With the Lumia 1020, Nokia created a smartphone with a hardware feature that has everyone talking. Not only does that create a buzz around the 1020 handset, but it also has a knock-on effect across the entire Lumia range - the so called "Halo Effect" of marketing, where a high-end device helps sells the rest of the range. The PureView-equipped Windows Phone isn't the first slice of technology to push a smartphone platform forward, but what comes next?
In this feature, we offer you an in depth guide to the additions and improvements that are arriving on Windows Phone 8 thanks to the advent of the Microsoft GDR2 and Nokia Lumia Amber software updates. Both the GDR2 and Lumia Amber updates have started rolling out, but are not yet available for all devices. The majority of Windows Phone 8 devices are expected to receive the update before the end of September.
Given it was late to the game, why is Nokia such a strong presence in the Windows Phone ecosystem? Just like a game of Command and Conquer, It's not just about commitment, it's also about strategic thinking, positioning, and managing resources. Nokia has played those three cards better than Microsoft's other partners, and it will serve them well as they rebuild their presence in the smartphone world.
It's been a good week or two for apps on Windows Phone, with some big names and some bigger numbers arriving in the Windows Phone store. But it's not the numbers that have me excited, its the quality of the apps and the appearance of a few big names that have me confident for the future of Windows Phone app development.
As a regular compiler of smartphone 'top 5's in The Phones Show, I find myself regularly finding myself happiest at least one generation from the current bleeding edge of technology, somewhat oddly. Causing me to stop and muse - what you might not have considered is that there are far more benefits than disadvantages in doing this, not least of all in helping your wallet out a little.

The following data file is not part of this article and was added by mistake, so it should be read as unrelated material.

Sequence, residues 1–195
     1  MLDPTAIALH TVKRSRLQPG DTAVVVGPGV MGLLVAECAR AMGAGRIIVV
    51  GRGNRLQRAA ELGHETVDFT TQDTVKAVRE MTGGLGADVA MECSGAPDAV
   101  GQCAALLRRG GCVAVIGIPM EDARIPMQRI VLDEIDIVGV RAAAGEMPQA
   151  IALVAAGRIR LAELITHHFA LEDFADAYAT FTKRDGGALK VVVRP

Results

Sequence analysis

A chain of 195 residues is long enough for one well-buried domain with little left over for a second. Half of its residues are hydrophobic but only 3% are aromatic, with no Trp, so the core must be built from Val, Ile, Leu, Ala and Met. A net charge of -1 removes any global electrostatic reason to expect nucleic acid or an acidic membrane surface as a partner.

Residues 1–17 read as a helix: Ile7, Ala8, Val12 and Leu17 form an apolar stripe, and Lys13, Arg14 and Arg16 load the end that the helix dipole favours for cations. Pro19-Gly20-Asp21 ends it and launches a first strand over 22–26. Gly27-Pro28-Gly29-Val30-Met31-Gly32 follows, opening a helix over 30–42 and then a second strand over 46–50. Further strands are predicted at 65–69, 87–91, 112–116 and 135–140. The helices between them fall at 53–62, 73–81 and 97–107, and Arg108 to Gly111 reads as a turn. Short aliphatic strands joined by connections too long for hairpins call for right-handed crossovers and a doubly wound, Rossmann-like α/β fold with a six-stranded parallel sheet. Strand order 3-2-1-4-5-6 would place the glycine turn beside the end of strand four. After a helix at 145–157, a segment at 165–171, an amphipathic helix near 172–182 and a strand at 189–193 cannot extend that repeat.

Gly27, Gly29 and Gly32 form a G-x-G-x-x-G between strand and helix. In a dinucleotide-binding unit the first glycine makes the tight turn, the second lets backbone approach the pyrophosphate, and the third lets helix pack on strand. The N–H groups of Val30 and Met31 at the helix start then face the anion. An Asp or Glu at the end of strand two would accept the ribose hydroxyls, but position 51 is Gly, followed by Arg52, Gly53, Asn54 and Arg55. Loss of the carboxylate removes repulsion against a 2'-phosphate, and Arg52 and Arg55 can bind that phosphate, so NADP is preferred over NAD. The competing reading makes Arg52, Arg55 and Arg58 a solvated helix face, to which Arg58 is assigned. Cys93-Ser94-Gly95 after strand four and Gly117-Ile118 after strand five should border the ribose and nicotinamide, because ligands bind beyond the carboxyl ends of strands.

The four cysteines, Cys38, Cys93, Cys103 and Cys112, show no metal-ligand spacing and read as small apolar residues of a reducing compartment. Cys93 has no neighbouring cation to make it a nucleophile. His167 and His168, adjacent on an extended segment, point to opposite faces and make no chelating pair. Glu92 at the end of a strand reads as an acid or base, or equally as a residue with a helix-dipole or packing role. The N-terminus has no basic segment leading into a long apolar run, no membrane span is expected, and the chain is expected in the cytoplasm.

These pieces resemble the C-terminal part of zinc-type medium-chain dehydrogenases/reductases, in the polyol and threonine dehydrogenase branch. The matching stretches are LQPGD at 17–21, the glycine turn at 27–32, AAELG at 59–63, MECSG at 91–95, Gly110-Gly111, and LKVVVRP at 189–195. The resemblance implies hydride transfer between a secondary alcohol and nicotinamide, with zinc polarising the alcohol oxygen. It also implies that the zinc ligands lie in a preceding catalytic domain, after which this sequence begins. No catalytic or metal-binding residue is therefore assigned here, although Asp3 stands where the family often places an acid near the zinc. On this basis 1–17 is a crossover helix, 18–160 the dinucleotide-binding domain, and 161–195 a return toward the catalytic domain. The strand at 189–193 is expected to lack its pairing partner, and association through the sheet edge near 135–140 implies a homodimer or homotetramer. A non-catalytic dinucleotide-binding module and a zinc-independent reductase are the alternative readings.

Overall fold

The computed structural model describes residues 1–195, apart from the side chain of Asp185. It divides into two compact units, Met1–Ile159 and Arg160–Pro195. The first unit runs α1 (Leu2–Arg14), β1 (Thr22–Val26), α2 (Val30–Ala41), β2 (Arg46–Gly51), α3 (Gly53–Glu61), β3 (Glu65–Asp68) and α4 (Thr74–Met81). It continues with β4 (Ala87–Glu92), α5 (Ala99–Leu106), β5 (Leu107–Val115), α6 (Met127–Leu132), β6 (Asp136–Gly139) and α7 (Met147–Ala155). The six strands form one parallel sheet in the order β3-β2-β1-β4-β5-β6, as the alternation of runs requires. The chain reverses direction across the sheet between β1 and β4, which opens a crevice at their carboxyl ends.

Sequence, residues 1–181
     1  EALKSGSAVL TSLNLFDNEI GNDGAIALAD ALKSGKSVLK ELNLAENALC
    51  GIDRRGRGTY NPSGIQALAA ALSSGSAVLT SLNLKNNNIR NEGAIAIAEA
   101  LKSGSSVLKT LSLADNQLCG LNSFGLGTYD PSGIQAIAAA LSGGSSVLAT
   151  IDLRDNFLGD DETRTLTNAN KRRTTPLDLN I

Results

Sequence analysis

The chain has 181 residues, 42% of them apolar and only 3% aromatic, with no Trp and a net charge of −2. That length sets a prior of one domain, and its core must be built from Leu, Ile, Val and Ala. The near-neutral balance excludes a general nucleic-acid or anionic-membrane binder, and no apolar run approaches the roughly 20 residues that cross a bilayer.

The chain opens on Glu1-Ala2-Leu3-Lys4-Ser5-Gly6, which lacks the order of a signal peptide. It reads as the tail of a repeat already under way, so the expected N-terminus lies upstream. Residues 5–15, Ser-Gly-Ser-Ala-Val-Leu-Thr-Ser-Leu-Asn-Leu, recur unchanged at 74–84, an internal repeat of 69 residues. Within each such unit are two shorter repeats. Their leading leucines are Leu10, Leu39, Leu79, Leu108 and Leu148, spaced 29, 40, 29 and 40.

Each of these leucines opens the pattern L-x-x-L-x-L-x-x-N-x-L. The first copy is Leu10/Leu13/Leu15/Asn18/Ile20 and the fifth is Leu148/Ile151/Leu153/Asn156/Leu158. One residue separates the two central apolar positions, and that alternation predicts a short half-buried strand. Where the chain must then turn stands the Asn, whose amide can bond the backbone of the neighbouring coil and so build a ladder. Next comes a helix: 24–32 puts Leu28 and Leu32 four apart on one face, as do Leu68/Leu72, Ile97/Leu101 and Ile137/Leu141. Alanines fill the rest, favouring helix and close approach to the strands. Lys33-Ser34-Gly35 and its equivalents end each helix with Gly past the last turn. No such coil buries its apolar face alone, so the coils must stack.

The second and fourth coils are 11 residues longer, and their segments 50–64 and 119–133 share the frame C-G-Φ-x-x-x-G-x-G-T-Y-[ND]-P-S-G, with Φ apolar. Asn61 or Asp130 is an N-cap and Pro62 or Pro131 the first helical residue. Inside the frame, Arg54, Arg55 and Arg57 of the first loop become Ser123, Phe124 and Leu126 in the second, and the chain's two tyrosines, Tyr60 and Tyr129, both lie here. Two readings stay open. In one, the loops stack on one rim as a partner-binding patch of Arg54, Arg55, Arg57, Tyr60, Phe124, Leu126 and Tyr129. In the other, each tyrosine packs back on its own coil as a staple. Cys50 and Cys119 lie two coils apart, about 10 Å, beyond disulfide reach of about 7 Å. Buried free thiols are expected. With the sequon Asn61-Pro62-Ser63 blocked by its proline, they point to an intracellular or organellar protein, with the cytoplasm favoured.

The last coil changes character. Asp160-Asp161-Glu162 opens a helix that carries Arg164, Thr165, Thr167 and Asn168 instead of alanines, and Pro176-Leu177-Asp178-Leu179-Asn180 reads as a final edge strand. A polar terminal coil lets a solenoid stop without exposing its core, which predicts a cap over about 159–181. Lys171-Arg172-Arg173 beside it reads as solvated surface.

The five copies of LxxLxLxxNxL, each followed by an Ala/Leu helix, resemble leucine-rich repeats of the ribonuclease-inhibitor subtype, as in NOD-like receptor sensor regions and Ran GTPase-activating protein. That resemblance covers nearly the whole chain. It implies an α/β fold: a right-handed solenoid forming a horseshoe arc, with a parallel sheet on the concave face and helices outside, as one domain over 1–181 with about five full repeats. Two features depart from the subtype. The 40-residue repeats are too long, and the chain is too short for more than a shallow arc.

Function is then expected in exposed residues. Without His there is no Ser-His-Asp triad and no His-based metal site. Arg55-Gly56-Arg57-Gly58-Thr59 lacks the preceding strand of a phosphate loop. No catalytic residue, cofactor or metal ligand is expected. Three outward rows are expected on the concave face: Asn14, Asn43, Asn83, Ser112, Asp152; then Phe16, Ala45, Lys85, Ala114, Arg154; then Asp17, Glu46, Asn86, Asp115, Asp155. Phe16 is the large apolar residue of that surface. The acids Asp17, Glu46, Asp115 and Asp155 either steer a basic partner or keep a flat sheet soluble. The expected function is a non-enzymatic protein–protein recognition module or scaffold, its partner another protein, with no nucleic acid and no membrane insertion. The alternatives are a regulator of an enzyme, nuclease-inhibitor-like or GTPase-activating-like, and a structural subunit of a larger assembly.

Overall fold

A couple of days ago, I pitted the Nokia 808 against the new Lumia 1020 directly, concluding that the latter's images were more processed but did have the advantage of being more immediately attractive to non-purists. In addition, there was the flexibility of the 'live' photos (of which more in our dedicated AAWP review part). My gut feeling is that these devices from Nokia are some way ahead of the chasing pack, so why not put this to the test?
In advance of the rest of our Nokia Lumia 1020 review coverage, I wanted to deliver an answer to the question that just about all of our readers are asking. Specifically, can the Lumia 1020, with its slightly smaller (though BSI) sensor and image processing differences, deliver images that are as good as those from the existing Symbian-based Nokia 808?
In this video we offer a hands-on preview of the Nokia Lumia 625, complementing our editorial and image-based coverage from earlier in the week. The preview covers some of the key talking points around the mid-tier smartphone, such as the 4.7 inch screen, the removeable back shells, and the inclusion of LTE connectivity. To go along with the video we've also put together a specification comparison with some of Nokia's other Lumia models, highlighting how Nokia has hit the €220 price point.
Yes, an All About review series on the Nokia Lumia 1020 is coming in due course, but let me first squeeze in a quick four way imaging comparison, courtesy of sample shots from four relevant camera-centric smartphones from Matt Miller and his extensive Flickr gallery. As ever, I'll save you the trouble of downloading dozens of JPGs and working out which is which - see below for my crops from the Nokia 808 PureView, the Lumia 1020, the Lumia 925 and the HTC One.
The arrival of the Nokia Lumia 925 heralded two two things for confirmed camera phone enthusiasts - a new glass-fronted 6-lens optical assembly and a new generation of image processing algorithms. In my tests (see below), my gut feeling is that the differences in test photos between those taken on the Lumia 920 and 925 are more to do with the processing than the extra glass lens element, not least because I was often considering detail at the centre of each test image. Summary? Colour saturation and edge enhancement have been dialled down and noise reduction improved. 'Better' is always a subjective word to apply, but images produced with these next-gen algorithms do seem to have less points to complain about.